“These what you’re hoping t’see?” Jock looked proud as a new father as he produced a beaten leather carry case. Unfastening the straps, he pulled the sides as wide apart as the case allowed. Inside were two Russian made SKS semi-automatic rifles and two 9mm P-96 revolvers, complete with a total of about one hundred and fifty rounds of ammunition.
One of Jock’s dubious talents was the ability to find the shadowy circles necessary to procure goods not freely available on high streets or souks, within hours of entering an unfamiliar city.
“Do ye remember which end to point with, Mac?”
McKenzie selected a rifle, checked the empty chamber, tested and shouldered the weapon. “Well, as you always say, better to have one and not need it…”
The two men once fended off bandits, while on a site in Tunisia, and they were very aware of the wild rumors often surrounding archaeological digs, and the aggressive attention they could attract. They were, in McKenzie’s opinion, hardly equipped to deal with any coordinated assault, but could at least deter a solitary or small number of armed opportunists. This would realistically be the more probable threat, and he felt more secure now they were better prepared, should that eventuality reoccur.
McKenzie slung a coil of nylon rope over his free shoulder while Jock finished kitting out his haversack. “Ready to go?”
“Aye. Lead on McDuff.”
The majority of caves and tunnels connected at various intersections deep within the mountain, with the most easily accessible route to Section G a few minutes’ walk west of base camp; a vertical drop, nine yards down from the rubble strewn ground.
Jock followed down the rope immediately after McKenzie released the lower end. When he touched down, his torch and helmet light added to McKenzie’s to illuminate two tunnels fanning out from each other.
The narrower, left tunnel had been marked with chalk high and low. The right, just tall enough for Jock to stand up straight when inside, forced McKenzie to crouch as he entered. They passed sub-tunnels left and right, at first all presenting chalk crosses which McKenzie verified with his map. When the chalk markings ceased, Jock tested the walls every few paces, checking for hidden cavities behind the rock face with sonic equipment. Encountering in plain view openings to other channels, they ventured through each in turn, chalk marking as they explored.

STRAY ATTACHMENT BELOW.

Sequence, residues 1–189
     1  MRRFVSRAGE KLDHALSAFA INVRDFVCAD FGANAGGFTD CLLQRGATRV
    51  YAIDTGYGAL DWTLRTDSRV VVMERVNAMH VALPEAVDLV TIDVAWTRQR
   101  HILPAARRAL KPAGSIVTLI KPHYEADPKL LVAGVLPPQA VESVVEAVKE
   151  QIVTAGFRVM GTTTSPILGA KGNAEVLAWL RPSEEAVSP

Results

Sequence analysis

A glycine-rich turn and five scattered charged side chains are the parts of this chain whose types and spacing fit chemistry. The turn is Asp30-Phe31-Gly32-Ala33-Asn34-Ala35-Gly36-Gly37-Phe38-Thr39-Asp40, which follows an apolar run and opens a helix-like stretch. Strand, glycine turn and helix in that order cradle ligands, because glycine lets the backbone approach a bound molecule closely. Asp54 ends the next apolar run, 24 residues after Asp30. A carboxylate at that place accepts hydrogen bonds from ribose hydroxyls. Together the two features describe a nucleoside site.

Jock’s impatience neared breaking point on several occasions when his heavy frame and wider girth’s incompatibility to the narrow crevices, was amply demonstrated. Standing back while asking others to go forward was a trait he detested in certain ‘officers by genealogy’ he’d served under, and not in his own chemistry. Repeatedly he had to concede defeat and make way for the taller, narrower figure, also far from ideally designed for the task. Consequently, Jock’s demeanor and language were descending at a much more impressive rate than that at which the two men progressed.
Jock stepped back from a pot-hole at his feet, offering it with an outstretched palm to McKenzie. “The words, spare dick and wedding come to bloody mind.”
“Oh now, I wouldn’t say you’re just quite so useless, Jock.” McKenzie teased, enjoying his friend’s embarrassed discomfort, though its cause was resulting in his own discomfort of a much more physical nature. Fresh bruising and scrapes would undoubtedly soon be added to those he already earned throughout the past week’s endeavors. A small price to pay, he decided. It was refreshing to see Jock, relentless in heating the faces of others with his coarsely effective barrack’s humour, to be wrong footed himself. McKenzie didn’t let the self-admonishing continue for long. He shifted his gaze to where their rifles leaned against a natural column of rock reaching to the ceiling. “Still, I have to admit, this may not be the type, but there have been plenty of other tight spots where I can think of no-one better to have had at my side.”